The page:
Even with rough edges, Nielsen’s “Maskarade” is a delight in belated Chicago premiere
In the final chorus of Carl Nielsen’s Maskarade, the assembled revelers sing that they hope the evening’s entertainment has helped the audience to forget the frost and cold outside and that they have provided a ray of summer.
Nothing could be more welcome these days in Chicago.
On another frigid subzero night, the Vox 3 Collective served up much warmth and humor Thursday with their lively performance of Nielsen’s romantic opera buffa. The production at the Vittum Theater on the near northwest side runs through Saturday, as part of the group’s Festival of Danish Art & Culture.
It’s astounding—and rather depressing—that Chicago has had to wait over a century to hear Nielsen’s Maskarade, a work that has become the national opera of Denmark. The slight story concerns the young lovers Leander and Leonora who meet at a masquerade and fall instantly in love. Leander’s pompous father, Jeronimus, is outraged at this romance, which upsets his plans to marry off Leander to the daughter of the wealthy Leonard, a woman the young man has never met. Through various vicissitudes, and mixed-up couplings at the masquerade, all is resolved happily when it turns out that Leonora is in fact Leonard’s daughter.
Unlike many 20th-century comedies Maskarade is often genuinely funny with librettist Vilhelm Andersen’s pointed jibes at the pretensions of the upper classes. Beyond, the surface frivolities, Maskarade, like Le nozze di Figaro, makes a broader commentary, with the masquerade serving as a democratic leveler where all can mix, flirt and couple freely without concerns of rank or social status.
Despite its success, Nielsen was dissatisfied with Maskarade and planned to revise it, but never did. There are problems with the opera—notably the undeveloped female characters and the extended party scene of the final act that goes on rather too long.
Yet what makes Maskarade such an irresistible work, is Nielsen’s magnificent music. The opera is chock-a-block with luscious melodies, with soaring arias and duets for Leander and Leonora, delicious character arias for the many secondary roles, a rousing Act 1 quintet and terrific choruses. Nielsen’s orchestra is a full participant in the comic business, the winds often commenting on the action in a witty and ingenious way. It’s hard to account for the neglect of Maskarade, which stands with his best symphonies as one of Nielsen’s finest achievements.
One had to make allowances for some aspects of the Vox 3 Collective production. While the staging made much out of limited resources and the young cast was largely capable, the weak link was the scrappy playing of the Lakeview Orchestra. In a reversal of the usual situation with lesser ensembles, the woodwinds and brass were solid enough but much of the string playing ranged from raw to abysmal with intonation left somewhere outside in a snowbank for most of the evening.
Even with that, conductor Gregory Hughes clearly has a feel for Nielsen’s distinctive style and his vital direction deftly brought out the humor and clever scoring throughout the evening. The young conductor is a musician to watch.
The rough-hewn orchestra playing apart, for a small group like Vox 3 Collective to present a three-act opera with a large cast—in the original Danish, no less (with supertitles)—and pull it off as well as they did was a considerable feat.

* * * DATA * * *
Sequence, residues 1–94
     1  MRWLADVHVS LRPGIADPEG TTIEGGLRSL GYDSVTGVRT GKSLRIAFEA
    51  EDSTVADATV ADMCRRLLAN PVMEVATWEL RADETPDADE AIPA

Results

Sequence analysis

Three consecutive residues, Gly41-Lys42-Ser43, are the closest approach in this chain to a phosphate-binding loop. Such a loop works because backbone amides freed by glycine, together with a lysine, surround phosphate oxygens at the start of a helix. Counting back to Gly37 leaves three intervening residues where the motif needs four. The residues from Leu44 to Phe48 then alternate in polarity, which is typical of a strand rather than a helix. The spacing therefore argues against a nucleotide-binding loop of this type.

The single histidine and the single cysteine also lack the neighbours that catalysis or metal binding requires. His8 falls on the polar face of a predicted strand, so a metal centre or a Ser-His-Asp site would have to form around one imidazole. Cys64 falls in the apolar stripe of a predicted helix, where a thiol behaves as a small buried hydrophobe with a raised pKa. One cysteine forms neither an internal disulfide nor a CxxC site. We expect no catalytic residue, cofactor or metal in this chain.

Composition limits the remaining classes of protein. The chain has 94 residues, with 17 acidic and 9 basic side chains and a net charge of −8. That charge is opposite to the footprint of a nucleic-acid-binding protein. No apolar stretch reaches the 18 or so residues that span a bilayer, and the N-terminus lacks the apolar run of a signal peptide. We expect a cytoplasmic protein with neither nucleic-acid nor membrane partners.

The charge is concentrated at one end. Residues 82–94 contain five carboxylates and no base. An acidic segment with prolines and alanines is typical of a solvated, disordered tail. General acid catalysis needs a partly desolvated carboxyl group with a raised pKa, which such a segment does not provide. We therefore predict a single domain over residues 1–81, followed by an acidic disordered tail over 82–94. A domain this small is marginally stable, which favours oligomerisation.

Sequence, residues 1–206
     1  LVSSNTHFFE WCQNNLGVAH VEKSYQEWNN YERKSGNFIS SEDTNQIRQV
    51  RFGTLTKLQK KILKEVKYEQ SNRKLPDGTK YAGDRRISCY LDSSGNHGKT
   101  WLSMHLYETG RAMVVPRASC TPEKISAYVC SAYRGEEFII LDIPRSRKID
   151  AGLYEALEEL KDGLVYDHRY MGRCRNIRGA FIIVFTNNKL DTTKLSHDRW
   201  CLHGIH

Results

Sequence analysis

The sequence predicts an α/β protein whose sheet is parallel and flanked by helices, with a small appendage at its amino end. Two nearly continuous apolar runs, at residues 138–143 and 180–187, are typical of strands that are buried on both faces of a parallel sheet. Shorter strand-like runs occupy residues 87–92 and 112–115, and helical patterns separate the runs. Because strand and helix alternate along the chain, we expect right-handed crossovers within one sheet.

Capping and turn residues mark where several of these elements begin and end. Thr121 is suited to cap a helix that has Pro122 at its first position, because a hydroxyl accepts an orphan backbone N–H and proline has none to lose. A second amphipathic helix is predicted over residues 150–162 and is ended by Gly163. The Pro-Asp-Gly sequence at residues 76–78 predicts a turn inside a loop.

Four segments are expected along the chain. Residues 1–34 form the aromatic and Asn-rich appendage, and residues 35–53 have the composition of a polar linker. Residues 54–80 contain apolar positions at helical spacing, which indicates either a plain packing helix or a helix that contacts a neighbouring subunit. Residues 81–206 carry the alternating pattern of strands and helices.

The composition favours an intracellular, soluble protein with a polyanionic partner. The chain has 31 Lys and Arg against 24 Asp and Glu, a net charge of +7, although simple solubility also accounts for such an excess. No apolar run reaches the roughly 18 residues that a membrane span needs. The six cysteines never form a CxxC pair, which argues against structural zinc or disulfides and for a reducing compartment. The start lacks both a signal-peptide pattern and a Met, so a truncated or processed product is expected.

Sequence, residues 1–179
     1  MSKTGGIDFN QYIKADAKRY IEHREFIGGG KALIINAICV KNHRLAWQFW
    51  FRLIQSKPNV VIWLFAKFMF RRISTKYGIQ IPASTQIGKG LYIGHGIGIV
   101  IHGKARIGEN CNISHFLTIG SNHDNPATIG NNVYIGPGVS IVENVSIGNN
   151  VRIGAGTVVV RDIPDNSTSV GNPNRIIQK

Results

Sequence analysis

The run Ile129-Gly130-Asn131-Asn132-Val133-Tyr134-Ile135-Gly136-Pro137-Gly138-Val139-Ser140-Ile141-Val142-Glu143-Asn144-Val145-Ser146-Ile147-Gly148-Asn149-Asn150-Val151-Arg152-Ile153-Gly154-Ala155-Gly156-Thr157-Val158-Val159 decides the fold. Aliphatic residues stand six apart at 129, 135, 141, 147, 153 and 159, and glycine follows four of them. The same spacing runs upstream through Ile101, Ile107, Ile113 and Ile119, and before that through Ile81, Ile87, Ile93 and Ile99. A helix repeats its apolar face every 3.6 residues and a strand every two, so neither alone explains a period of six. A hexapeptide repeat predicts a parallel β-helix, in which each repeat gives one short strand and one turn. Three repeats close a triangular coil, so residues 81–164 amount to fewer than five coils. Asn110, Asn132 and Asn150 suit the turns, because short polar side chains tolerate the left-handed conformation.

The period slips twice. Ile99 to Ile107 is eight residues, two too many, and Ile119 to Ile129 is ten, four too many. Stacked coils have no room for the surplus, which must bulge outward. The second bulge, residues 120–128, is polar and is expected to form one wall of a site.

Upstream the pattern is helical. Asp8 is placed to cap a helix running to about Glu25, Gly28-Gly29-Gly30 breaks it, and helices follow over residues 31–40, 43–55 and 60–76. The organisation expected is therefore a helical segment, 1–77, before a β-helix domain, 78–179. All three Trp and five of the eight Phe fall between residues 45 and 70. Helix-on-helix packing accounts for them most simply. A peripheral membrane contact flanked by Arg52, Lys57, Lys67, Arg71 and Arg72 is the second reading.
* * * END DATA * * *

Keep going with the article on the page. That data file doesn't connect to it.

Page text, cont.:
Some members of the young cast are right out of university and the performance had the feel of a conservatory staging at times, with a game youthful energy making up for a lack of polish and seasoning.
Leading the large cast was Zachary Elmassian as Jeronimus. The young baritone provided the best singing of the evening with his warm, robust vocalism and was quite hilarious in his blustery characterization of the uptight prig. Jeronimus’s Act 1 aria inveighing against the decadence (and equality) of the masquerades was a high point, with Elmassian also bringing a melancholy nostalgia to the middle section that rounded out the character nicely.
As his son Leander, Nicholas Pulikowski was rather dry-toned and if his light tenor didn’t quite take flight as Nielsen intended, he brought a worthy ardent expression to his solo moments. Katy Compton displayed a clear and attractive soprano as Leonora.
The audience enjoyed Kathryn Wills’ Terpsichorean moves as Magdelone, Jeronimus’s wife who wants to attend the masquerade. Michael Orlinsky as Henrik, Leander’s servant and masquerade partner-in-crime, was a solid presence. Of the many supporting roles, Jennifer Thompson was amusing and sang well as the bibulous Mask Vendor. Chungers Kim displayed an attractive baritone in his elegant rendering of the Watchman’s aria.
The stage direction by Sally Eames and Brandon Hayes was consistently inspired, knocking down the fourth wall effectively with characters entering from the back of the third-floor theater. Stage directors at some larger opera houses could learn something about blocking by their effective handling of Act 3 with its stage full of varied characters and activities.
Even with the rough edges, all credit to the enterprising Vox 3 Collective for having the audacity and ambition to mount this large three-act opera, and bring Nielsen’s Maskarade to Chicago audiences. There are two more performances and local aficionados open to repertorial byways should make a trip to the Vittum Theater to catch this enjoyable work.
Maskarade will be repeated 7:30 p.m. Friday and Saturday at the Vittum Theater, 1012 N. Noble. Note: Street parking is limited but free parking for these performances is available in the lot of the Polish Roman Catholic Union around the corner. Take the first left after turning on Augusta from Milwaukee Ave. vox3.org.
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